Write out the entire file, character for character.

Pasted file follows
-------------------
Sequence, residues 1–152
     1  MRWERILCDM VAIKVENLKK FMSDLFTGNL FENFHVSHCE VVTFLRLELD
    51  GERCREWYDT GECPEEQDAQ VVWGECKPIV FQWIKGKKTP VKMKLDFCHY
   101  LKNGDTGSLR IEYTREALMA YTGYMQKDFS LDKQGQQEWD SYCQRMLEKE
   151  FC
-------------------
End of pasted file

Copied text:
Sequence, residues 1–152
     1  MRWERILCDM VAIKVENLKK FMSDLFTGNL FENFHVSHCE VVTFLRLELD
    51  GERCREWYDT GECPEEQDAQ VVWGECKPIV FQWIKGKKTP VKMKLDFCHY
   101  LKNGDTGSLR IEYTREALMA YTGYMQKDFS LDKQGQQEWD SYCQRMLEKE
   151  FC